Overview

Brief Summary

Biology

Brown lemurs live in cohesive groups without a noticeable hierarchy, generally numbering from 3 to 12 individuals, although five to seven seems to be average (2) (6). Breeding occurs in June (6), with a single offspring born between September and October, after a gestation period of approximately 120 days (5) (6). White-fronted brown lemurs can live up to 30 years (2) (5). This species is cathemeral, meaning it is active at varying times throughout the day and night. Fruit, mature leaves, flowers, bark, sap, soil, insects, centipedes and millipedes form the bulk of this lemur's diet (7).
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Description

This medium-sized lemur has a horizontal posture, which is suited to its predominantly quadrupedal mode of movement (2). These lemurs are also capable of leaping considerable distances, their long furry tails assisting them in maintaining their balance (5). This lemur is generally dark brown with a lighter underside (5). Males have a black face surrounded by a distinctive snowy white forehead, crown, beard and throat (6). The head, face and muzzle of the female are dark grey, but without the bushy cheeks of the male (2).
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Distribution

Range Description

This species is found throughout most of the rainforest that remains in northeastern Madagascar, occurring from the Bemarivo River, near Sambava, south to the region of Mananara Nord, including the Masoala Peninsula. There is an isolated population in the Betampona Nature Reserve, and they have been introduced to Nosy Mangabe. Distribution south of Mananara remains to be clarified as there is significant hybridization with E. fulvus over a wide area (Mittermeier et al. 2008, and references therein). This species is not found on the Makira plateau as once believed. It ranges from sea level to 1,670 m.
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Range

Restricted to north-eastern Madagascar (2).
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Ecology

Habitat

Habitat and Ecology

Habitat and Ecology
It is an arboreal species found in tropical moist forest. It is believed to be cathemeral, active both day and night throughout the year. Females are reported to feed more heavily than males on flowers during the dry season, typically a time of resource abundance during which they also are more likely to give birth. Fecundity has been measured at 0.2 – 0.7 babies per adult female per year, with most adult females producing offspring each year (Mittermeier et al. 2008, and references therein). Home range is approximately 16ha (Vasey 1997). Infant mortality in captivity was 17% within 30 days (Watson et al. 1996). Group size is 3.1 + or - 1.9 individuals (Sterling and McFadden 2000) and the adult sex ratio (#F/#M) is 1.16 +or - 0.06 (Rakotondratsima and Kremen 2001).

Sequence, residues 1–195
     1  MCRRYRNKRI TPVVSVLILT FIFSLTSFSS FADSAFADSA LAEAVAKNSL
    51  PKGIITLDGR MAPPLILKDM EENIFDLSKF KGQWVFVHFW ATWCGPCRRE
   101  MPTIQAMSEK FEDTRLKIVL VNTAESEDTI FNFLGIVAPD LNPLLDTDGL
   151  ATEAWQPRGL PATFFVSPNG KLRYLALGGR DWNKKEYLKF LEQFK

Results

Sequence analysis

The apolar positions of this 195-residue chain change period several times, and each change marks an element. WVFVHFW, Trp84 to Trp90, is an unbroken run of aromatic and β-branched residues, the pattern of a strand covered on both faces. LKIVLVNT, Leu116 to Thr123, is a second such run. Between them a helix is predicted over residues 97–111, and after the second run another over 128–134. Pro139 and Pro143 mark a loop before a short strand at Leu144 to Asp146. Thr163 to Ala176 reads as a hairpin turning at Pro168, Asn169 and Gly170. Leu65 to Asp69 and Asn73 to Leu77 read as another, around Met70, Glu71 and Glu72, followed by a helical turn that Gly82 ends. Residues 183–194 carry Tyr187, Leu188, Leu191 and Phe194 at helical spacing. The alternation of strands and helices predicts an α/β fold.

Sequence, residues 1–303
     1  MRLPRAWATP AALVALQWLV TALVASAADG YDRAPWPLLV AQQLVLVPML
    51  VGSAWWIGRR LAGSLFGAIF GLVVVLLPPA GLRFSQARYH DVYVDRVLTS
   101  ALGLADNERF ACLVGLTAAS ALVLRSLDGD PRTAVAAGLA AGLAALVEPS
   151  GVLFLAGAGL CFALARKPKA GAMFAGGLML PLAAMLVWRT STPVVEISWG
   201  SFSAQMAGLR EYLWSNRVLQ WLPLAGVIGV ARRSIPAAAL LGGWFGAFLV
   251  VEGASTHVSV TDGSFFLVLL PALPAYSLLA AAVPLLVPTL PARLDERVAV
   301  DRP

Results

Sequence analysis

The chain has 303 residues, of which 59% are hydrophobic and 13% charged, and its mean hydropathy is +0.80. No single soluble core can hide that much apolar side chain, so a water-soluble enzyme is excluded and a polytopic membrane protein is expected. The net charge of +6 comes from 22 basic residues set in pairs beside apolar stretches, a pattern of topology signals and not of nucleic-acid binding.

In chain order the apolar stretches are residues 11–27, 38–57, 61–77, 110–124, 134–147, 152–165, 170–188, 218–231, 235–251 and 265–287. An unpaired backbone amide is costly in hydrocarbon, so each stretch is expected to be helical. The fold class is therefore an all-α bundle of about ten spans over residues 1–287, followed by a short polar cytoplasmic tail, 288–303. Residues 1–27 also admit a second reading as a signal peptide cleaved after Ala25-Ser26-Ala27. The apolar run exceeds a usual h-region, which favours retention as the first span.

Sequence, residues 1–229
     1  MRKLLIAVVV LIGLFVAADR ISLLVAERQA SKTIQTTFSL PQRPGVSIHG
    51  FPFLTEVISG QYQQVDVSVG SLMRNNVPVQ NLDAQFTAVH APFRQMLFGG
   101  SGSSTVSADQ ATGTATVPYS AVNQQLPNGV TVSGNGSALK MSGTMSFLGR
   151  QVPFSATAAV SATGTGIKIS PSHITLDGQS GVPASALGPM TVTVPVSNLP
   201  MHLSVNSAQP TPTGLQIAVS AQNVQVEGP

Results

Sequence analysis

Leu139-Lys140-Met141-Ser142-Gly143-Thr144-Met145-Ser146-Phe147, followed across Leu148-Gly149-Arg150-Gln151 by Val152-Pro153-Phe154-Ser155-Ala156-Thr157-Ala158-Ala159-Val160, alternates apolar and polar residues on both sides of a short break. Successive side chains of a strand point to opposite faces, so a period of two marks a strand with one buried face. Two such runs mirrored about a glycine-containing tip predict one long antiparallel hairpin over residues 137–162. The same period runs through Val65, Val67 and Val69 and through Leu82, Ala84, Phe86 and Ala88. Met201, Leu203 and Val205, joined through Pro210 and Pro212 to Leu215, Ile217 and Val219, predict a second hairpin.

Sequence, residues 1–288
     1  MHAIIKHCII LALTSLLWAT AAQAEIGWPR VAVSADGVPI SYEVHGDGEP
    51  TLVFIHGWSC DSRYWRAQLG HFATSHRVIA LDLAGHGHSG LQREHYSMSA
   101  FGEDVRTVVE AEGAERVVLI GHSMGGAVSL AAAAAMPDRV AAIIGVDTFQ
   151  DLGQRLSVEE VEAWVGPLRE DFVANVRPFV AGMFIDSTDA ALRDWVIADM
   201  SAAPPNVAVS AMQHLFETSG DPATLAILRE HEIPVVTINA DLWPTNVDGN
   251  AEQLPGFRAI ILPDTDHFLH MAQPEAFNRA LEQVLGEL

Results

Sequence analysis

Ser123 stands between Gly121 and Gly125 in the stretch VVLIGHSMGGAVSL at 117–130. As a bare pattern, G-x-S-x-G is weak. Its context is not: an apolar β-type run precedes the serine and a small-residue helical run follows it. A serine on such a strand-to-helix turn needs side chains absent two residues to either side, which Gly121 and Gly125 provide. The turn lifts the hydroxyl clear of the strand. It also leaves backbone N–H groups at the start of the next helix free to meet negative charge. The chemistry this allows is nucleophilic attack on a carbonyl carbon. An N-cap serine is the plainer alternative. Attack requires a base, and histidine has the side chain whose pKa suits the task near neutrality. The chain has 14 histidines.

Systems
  • Terrestrial
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Found in moist lowland and montane rainforest (4). Brown lemurs are arboreal and spend most of their time in the upper layers of the forest (7).
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Conservation

Conservation Status

IUCN Red List Assessment


Red List Category
EN
Endangered

Red List Criteria
A2cde

Version
3.1

Year Assessed
2014

Assessor/s
Andriaholinirina, N., Baden, A., Blanco, M., Chikhi, L., Cooke, A., Davies, N., Dolch, R., Donati, G., Ganzhorn, J., Golden, C., Groeneveld, L.F., Rakotoarisoa, G., Rakotomanga, B., Rakotonanahary, J., Rakotondrainibe, H., Rakotondratsimba, G., Rakotondratsimba, M., Rakotonirina, L., Ralainasolo, F.B., Ralison, J., Ramahaleo, T., Ranaivoarisoa, J.F., Randrianahaleo, S.I., Randrianambinina, B., Randrianarimanana, L., Randrianasolo, H., Randriatahina, G., Rasamimananana, H., Rasolofoharivelo, T., Rasoloharijaona, S., Ratelolahy, F., Ratsimbazafy, J., Ratsimbazafy, N., Razafindraibe, H., Razafindramanana, J., Rowe, N., Salmona, J., Seiler, M., Volampeno, S., Wright, P., Youssouf, J., Zaonarivelo, J. & Zaramody, A.

Reviewer/s
Schwitzer, C. & Molur, S.